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Culion Island: Once the “Island of the Living Dead”


Billed as the Island of Living Dead or the Island of No Return, Culion was once the largest leper colony in the world. The island stands today as a living museum of a melancholy past of the Philippines way back when leprosy was still an incurable diseases; this place is an evidence to how leprosy was eradicated not just in the Philippines but in the entire world.

by Jane Dacumos on June 27, 2012
Culion Island: Once the “Island of the Living Dead”

Billed as the Island of Living Dead or the Island of No Return, Culion was once the largest leper colony in the world. The island stands today as a living museum of a melancholy past of the Philippines way back when leprosy was still an incurable diseases; this place is an evidence to how leprosy was eradicated not just in the Philippines but in the entire world.

The Heartbreaking Story behind the Island of No Return

During the American occupation, Culion Island was once the containment area of all those with leprosy in the country. Leprosy during that time is incurable and the only way to stop its spread was to isolate all those afflicted by it. People with leprosy were like criminals sent to the island and Culion had become the world’s largest leper colony, with more than 16,000 patients. The island was known as the “Land of the Living Dead” as there was no definitive cure until the 1980s.

The reason why it was called the Island of No Return is that during that time when a leprous member of the family was collected for segregation, families knew that it would be the last time they would see him or her.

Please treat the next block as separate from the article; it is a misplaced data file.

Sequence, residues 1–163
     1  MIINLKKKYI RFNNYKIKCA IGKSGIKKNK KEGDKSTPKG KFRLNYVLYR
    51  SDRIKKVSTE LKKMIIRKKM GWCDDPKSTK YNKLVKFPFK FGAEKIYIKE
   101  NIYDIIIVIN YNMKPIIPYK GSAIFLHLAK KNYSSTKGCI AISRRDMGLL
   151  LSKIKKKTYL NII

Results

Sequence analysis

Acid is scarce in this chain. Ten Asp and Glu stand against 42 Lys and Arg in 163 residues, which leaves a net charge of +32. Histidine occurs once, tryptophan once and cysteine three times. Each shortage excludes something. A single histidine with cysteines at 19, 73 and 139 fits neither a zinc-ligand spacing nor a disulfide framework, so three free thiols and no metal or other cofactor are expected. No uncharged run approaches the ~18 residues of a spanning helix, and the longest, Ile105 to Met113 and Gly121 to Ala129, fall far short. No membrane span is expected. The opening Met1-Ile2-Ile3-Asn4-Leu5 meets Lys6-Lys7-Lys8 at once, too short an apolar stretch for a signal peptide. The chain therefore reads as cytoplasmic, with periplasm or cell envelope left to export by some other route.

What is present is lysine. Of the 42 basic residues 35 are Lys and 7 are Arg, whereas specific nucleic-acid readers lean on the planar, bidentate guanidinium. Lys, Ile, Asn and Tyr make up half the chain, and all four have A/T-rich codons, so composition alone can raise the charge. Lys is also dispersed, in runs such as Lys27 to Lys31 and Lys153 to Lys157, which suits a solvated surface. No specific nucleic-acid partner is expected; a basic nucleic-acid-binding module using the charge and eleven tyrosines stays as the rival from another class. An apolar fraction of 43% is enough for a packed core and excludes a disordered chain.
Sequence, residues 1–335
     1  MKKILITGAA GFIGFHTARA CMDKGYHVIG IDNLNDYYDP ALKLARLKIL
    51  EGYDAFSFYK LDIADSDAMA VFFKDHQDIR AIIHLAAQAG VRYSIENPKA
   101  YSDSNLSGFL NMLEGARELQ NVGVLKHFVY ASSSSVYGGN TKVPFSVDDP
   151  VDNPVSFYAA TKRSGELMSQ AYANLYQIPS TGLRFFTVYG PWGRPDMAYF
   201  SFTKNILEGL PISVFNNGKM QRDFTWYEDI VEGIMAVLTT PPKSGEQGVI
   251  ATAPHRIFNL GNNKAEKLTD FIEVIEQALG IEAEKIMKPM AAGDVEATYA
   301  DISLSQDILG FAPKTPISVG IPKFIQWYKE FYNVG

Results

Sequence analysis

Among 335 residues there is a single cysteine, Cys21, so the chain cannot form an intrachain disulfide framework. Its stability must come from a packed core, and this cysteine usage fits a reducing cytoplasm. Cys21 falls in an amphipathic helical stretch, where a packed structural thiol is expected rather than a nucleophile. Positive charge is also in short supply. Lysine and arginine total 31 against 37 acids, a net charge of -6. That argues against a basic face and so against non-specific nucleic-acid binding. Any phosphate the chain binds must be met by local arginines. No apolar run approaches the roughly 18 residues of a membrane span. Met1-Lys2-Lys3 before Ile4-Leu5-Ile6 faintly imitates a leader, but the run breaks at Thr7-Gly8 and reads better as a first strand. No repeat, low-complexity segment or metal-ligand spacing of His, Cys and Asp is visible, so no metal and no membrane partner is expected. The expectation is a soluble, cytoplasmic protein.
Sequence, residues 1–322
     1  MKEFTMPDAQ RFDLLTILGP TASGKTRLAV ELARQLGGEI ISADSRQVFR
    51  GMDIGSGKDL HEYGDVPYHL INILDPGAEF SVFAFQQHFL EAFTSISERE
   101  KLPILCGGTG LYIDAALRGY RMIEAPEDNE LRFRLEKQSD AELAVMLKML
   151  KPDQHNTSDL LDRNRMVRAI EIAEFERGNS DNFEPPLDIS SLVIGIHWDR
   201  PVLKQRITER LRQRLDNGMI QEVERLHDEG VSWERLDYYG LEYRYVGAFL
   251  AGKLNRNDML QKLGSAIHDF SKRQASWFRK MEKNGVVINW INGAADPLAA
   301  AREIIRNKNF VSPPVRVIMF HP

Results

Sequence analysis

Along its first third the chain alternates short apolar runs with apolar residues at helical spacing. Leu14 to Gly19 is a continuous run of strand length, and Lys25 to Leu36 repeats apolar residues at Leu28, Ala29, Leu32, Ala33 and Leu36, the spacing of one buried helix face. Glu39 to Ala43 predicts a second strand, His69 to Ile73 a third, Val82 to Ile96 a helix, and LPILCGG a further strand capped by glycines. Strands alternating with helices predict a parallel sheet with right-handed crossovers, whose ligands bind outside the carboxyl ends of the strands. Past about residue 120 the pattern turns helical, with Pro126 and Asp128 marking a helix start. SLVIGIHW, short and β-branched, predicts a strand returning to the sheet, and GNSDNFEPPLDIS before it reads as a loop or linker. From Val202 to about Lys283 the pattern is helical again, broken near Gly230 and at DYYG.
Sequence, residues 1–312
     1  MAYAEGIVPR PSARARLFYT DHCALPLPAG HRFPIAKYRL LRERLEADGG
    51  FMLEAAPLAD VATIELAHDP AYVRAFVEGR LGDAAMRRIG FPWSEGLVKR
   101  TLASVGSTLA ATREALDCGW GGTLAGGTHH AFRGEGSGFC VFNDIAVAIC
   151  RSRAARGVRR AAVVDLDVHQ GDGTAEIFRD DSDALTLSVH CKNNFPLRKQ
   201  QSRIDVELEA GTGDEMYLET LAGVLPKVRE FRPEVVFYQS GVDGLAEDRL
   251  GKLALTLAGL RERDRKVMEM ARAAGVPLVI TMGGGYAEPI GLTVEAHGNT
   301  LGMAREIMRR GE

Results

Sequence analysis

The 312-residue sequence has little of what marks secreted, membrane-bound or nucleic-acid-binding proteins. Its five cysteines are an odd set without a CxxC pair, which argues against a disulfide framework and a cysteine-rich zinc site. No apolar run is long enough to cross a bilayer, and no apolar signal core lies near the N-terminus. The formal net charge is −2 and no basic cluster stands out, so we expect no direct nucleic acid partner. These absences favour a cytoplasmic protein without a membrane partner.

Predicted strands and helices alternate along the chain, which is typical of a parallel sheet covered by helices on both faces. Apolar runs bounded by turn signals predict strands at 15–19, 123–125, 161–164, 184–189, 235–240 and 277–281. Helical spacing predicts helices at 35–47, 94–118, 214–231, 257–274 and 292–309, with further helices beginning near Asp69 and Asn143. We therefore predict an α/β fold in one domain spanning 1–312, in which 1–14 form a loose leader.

Culion Museum or Leprosy Museum

Established in 1997, the island’s fascinating history is documented in the Culion Museum, which displays photographs, books, and artifacts. A glimpse to the museum is worth it and will bring you back to the memory of Culion.



Experience Culion!

From Manila, there are two options that will bring you to the historical Culion Island.

By Air: Busuanga is the most popular jump off point to Culion. PAL Express, Asian Spirit, and SEAir have direct flights to Busuanga. Travel time is around an hour. From Busuanga, catch a jeepney for a 30-minute ride to Coron Poblacion, and then take an hour and a half banca/pumpboat ride to Culion.

By Water: Super Ferry and Negros Navigation have Coron-bound ferries that leave Manila once a week (Thursday for NN and Friday for Super Ferry). It is a twelve-hour ferry ride. From Coron, take an hour and a half banca/pumpboat ride to Culion.

Where to Stay: Aplaya Lodging House and Resort is the only tourist lodging facility in Culion today. The place is strategically located in the seaside and offers a magnificent view of the sea and Culion’s neighboring islands.

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